WHITTIER — The City Council has decided to continue its 10-year legal battle to remove the X-rated Pussycat Theater from Uptown Whittier, but city officials say the latest appeal may be the last.
The legal dispute has cost the city $326,000 since 1977 when Walnut Properties Inc. bought the 1930s-era theater and began screening adult movies.
The Pussycat immediately sparked controversy, drawing pickets and prompting the city to pass a zoning ordinance prohibiting businesses from selling sexually explicit material within 1,000 feet of churches or schools and 500 feet of residences. This would have forced the Pussycat to move, since the theater is within one block of four churches, as well as affecting the other 15 or so adult businesses in town during the late 1970s.
But in the last few years, the protests have dwindled while courtroom delays and legal fees mounted. Area merchants say the Pussycat, now a member of the Uptown Assn., has not noticeably affected their businesses. And if the current appeal to the 9th U.S. Circuit Court of Appeals is unsuccessful, City Manager Thomas G. Mauk said, the litigation may end since the only remaining avenue of appeal would be the U.S. Supreme Court.
Supreme Court Not Likely
"It would take a tremendous amount of resources and good fortune" to do that, Mauk said, adding that the Supreme Court is not likely to take up the issue just two years after ruling on a similar case from Renton, Va.
In 1981, Renton officials passed an ordinance restricting adult businesses to an industrial area, arguing that an X-rated theater downtown would lead to urban decay. Last year, the U.S. Supreme Court upheld the Renton ordinance, which closely resembled the Whittier ordinance, and Whittier officials appealed based on the new ruling.
But U.S. District Judge Manuel Real, who in 1984 ruled in favor of the theater's right to operate, again decided in January that the Whittier ordinance was unconstitutional despite the Renton case. Whittier's latest action is an appeal of Real's most recent ruling.
City Atty. Robert Flandrick criticized Real, saying the judge disregarded the Renton decision in his ruling. "We think (Real)had a rock between his ears and didn't know what he was talking about," Flandrick said.
Mauk says the Renton ruling vindicates the Whittier ordinance. He said he is optimistic that a judge other than Real would rule in Whittier's favor. "At this time we believe and the council believes there's a ray of hope at the 9th Circuit level," Mauk said.
Assert Intent Is Different
But lawyers for Walnut Properties say that although the substance of the Whittier ordinance may be similar to the one in Renton, the intent was not. Renton officials took action before any adult businesses were open in town, while the Whittier ordinance was adopted to regulate existing businesses, said Stanley Fleishman, an attorney for Walnut. The Pussycat is the only adult business left in Whittier.
"The fight is about whether the city can enact an ordinance that would in effect drive us out of town," said Fleishman, who represents the Pussycat's statewide chain of 48 movie houses, 33 of which are adult theaters.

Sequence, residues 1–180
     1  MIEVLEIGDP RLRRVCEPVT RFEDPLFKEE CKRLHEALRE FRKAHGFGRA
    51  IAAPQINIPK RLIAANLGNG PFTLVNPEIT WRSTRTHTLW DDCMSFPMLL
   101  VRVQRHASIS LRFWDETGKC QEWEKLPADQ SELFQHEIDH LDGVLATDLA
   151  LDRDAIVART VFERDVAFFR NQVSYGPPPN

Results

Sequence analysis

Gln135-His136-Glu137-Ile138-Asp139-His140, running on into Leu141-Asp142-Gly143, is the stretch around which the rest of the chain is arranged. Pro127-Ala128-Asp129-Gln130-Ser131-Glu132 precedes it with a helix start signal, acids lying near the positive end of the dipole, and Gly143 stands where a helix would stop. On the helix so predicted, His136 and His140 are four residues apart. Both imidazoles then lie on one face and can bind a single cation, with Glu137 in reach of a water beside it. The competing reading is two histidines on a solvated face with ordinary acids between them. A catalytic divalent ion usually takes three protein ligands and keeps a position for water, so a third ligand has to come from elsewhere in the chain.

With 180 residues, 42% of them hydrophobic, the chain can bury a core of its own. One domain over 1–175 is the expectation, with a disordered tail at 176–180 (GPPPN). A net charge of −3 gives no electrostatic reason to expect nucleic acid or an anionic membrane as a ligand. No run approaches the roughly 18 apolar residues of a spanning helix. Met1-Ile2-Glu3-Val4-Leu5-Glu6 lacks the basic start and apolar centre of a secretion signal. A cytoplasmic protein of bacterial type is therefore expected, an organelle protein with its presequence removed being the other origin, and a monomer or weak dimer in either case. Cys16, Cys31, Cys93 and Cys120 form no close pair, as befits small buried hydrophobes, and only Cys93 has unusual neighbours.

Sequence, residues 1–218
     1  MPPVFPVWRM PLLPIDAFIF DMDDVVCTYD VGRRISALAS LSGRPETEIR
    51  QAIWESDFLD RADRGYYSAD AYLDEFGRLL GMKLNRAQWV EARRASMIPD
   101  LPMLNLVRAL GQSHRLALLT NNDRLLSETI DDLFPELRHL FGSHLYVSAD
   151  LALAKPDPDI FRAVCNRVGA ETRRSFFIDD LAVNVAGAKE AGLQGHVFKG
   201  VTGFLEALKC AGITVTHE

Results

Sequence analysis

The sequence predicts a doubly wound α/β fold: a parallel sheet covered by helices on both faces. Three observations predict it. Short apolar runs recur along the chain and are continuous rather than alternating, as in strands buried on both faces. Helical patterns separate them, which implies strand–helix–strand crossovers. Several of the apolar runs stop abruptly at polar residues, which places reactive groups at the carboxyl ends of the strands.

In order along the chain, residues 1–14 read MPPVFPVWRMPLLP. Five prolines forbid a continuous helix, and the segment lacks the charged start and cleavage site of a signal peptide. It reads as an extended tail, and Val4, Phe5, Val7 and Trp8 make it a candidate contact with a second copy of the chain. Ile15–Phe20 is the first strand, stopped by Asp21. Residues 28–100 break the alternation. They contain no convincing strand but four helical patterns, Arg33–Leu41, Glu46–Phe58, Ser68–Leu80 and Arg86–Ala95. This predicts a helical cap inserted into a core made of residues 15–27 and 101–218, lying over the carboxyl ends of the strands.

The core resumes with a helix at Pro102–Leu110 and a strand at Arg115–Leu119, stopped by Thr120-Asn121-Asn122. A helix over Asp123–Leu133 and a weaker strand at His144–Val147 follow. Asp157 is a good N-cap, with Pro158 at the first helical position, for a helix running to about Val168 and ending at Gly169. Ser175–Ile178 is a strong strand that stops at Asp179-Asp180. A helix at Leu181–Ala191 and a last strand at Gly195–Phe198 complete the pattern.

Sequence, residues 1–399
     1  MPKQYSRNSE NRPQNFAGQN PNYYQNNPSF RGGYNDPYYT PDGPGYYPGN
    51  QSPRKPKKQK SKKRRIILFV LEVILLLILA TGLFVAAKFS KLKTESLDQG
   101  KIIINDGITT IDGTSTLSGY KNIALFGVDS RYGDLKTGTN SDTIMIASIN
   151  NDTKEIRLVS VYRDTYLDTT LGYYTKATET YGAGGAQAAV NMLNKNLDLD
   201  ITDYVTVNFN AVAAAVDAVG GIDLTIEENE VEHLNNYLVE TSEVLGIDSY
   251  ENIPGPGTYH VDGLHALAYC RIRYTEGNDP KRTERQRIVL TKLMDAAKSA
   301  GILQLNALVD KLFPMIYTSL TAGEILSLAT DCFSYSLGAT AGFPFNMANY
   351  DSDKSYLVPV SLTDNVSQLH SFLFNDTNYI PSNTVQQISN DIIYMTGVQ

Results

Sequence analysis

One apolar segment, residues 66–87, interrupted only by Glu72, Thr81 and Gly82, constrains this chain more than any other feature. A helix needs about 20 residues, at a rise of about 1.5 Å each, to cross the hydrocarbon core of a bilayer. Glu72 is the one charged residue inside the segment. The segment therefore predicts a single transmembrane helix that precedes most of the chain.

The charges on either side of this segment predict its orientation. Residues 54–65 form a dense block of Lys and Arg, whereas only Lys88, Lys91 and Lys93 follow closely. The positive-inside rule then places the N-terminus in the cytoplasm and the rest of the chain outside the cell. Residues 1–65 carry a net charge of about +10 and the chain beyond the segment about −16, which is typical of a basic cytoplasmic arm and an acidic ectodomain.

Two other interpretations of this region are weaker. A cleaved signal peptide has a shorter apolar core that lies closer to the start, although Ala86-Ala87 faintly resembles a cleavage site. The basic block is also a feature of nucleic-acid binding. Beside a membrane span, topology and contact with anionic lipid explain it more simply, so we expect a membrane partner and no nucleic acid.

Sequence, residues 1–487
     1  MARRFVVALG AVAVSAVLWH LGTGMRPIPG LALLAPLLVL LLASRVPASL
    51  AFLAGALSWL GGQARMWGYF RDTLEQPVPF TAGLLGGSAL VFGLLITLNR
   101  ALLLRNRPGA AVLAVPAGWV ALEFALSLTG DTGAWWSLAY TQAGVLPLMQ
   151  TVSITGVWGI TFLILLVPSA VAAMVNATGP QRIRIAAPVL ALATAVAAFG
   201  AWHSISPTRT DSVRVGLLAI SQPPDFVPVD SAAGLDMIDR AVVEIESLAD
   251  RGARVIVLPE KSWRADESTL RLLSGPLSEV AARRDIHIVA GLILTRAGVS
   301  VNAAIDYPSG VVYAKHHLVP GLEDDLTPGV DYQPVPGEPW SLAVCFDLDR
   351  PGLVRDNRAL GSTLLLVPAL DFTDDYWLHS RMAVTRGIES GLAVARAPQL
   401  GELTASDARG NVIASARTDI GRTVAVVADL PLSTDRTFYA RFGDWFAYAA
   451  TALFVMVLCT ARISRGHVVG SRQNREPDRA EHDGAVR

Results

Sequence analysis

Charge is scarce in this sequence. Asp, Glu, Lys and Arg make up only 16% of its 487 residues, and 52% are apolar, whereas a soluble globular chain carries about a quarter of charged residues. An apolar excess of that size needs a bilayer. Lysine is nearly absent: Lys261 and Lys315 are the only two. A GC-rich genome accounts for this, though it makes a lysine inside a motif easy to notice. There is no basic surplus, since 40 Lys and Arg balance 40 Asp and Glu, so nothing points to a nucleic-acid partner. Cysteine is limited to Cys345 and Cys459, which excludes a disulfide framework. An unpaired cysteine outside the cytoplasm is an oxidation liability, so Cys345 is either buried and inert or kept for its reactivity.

"For 10 years, they've been told by court after court that they're acting unconstitutionally. The city is wasting its time and wasting its money," he said.
That thought also has occurred to Mayor Pro Tem Sabina Schwab, who said she no longer supports continuing the fight. "I think that we are looking at a town that's very conservative and there are many people who want this to go as far as it will go," Schwab said. "But they rule against us each time and it seems like the handwriting is on the wall."
Uptown Assn. President Lane Langford said the Pussycat is not a burning issue among members of his organization.
"The Uptown Assn. really can't take a position on it. We're a promotional association," said Langford, who operates Bookland on Greenleaf Avenue. "The Pussycat Theater pays their business license just like everyone else does. I have to treat them like I would treat any other business, despite what my personal feelings might be about that."
'People Ignore It'
Asked if the theater had harmed business in the area, Langford said, "No. I think people basically ignore it."
Whittier also is appealing a lawsuit filed by Walnut Properties against Flandrick and Planning Director Elvin Porter because the adult business zoning ordinance was re-adopted after a 1981 federal court ruling against it. In that ruling, the court said the city lacked information to justify the ordinance. So the Planning Commission and the City Council held a series of public hearings and then enacted a new ordinance. It was subsequently invalidated by Real.
Walnut sued Flandrick and Porter for punitive damages for their role in re-enacting an ordinance that had already been invalidated. Flandrick and Porter claimed immunity, but Real ruled against them in January.
The 9th Circuit will hear oral arguments for the latest round of appeals sometime this fall and is likely to issue a ruling in early 1988.